For all those who’ve got interview calls or are expecting one soon, here’s an interview preparation strategy you can follow to ensure that you are all set to knock their socks off (or do something similar with another part of their attire).
Step 1: Get a partner in crime
Find a friend who is mature and knowledgeable enough to go beyond giving you biased sugar-coated feedback. If this friend is familiar with MBA interviews (current student, alumnus), even better. If one of your immediate family members works as a current admissions committee member from the school you are applying to, that’s the best. Ummm…ok, conflict of interest issues popping up, so let’s ignore that last possibility for now.
Step 2: Do your independent homework
Share your MBA application with your friend and allow her a few days to review the entire application thoroughly. Don’t speak to her and explain your reasoning at this stage. Allow her to build a picture based on whatever she sees on paper (or the monitor, laptop if she’s environmentally friendly like us).
Simultaneously, think about specific questions that you are expecting from the interviewer based on 3 areas:
– whatever you’ve written in your apps (resume, essays) [recos could be a tricky area]
– school specific topics
– general queries
Step 3: Mock-Interview 1 – School and Application specific questions
Ask your friend to do a little research on the school. Depending on her enthusiasm level, here are a few areas for both of you to build up the knowledgebase and raise the level of awareness – the official website, discussion forums, chat transcripts, first hand info directly from students/past students. Ask your friend to build a highly customized list of queries based on your profile and essays.
Have the first mock interview. From our experience a thoroughly researched and well-structured interview can be wrapped up in an hour and a half (including feedback).
Step 4: Mock-Interview 2 – General questions
Take some time off. No, don’t pack your bags and head off to Goa. Just a day’s break should be good enough to recharge batteries. You can work together with your friend to come up with a list of commonly asked queries. You’ll find plenty of these on the web.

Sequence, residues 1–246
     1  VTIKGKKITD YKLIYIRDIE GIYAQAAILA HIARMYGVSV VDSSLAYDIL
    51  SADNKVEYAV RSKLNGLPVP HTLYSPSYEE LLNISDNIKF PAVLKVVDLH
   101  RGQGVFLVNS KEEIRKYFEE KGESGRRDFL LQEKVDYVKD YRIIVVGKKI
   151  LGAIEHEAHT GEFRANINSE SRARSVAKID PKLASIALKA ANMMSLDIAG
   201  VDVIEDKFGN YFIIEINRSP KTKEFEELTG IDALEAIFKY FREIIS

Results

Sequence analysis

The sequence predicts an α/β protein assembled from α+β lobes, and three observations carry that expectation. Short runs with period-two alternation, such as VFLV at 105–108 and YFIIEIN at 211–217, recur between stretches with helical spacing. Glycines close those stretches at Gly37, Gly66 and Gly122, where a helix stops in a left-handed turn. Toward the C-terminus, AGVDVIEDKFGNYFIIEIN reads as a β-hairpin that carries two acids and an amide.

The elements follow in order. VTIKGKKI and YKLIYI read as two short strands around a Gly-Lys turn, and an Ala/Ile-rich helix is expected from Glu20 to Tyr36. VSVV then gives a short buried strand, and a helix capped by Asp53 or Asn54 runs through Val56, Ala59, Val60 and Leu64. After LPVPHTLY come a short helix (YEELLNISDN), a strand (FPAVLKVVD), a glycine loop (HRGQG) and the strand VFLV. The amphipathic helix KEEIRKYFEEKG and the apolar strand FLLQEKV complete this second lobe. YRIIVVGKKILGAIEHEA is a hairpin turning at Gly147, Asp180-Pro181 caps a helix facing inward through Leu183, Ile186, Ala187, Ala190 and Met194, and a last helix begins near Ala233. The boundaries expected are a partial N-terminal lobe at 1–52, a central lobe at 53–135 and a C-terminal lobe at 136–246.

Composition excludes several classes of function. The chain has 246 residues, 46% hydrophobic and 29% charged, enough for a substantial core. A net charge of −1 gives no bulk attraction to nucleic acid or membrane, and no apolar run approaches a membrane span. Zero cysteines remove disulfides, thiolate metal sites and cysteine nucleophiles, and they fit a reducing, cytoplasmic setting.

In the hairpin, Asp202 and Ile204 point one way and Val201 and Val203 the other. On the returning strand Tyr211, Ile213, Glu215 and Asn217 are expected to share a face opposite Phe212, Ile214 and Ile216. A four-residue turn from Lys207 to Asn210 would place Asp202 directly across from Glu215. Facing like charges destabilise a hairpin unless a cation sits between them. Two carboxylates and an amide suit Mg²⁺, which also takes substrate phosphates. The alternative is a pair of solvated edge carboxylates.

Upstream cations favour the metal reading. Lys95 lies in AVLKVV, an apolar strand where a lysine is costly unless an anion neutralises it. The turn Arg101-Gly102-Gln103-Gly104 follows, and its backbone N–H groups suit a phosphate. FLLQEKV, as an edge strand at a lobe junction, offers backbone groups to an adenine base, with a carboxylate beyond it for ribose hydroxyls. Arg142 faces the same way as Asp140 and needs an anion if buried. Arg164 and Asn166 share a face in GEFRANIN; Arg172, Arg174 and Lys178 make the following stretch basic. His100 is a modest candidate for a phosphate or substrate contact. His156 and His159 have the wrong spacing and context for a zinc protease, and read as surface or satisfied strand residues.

You can now have the second mock interview. This can be completed in an hour. Set aside some time for feedback and self-analysis.
Some interviews might occasionally touch upon business cases and guesstimate questions (though this is more common for MBA jobs in consulting rather than in MBA admissions). So be aware of what it involves so you aren’t caught off-guard.
Considering that your friend and you are doing this for the first time (the interview I mean), there’ll be some unfinished business. The questions may not be all-encompassing, the feedback may not be top-notch, the overall experience may not be exactly what you’ll get when you are face-to-face (or phone-to-phone) with your interviewer. But your preparation will help boost your confidence and you’ll know how to address a majority of questions that come your way.
Does the approach work? We think so, as we’ve been using the same methodology (fine-tuned over time) with several candidates and the conversion rate has been very (VERY) good so far. So if you can’t find that friend, we are always there to help. Check out our MBA interview prep service.
Any other tips or fundas that you’ve picked up from friends or discussion forums that you felt were interesting, unusual or just plain crazy?
– Situational or Behavioral Interviews: What questions can you expect?
– MBA Interview tips from successful applicants
– MBA interview experiences
– Job interview tips for international MBA students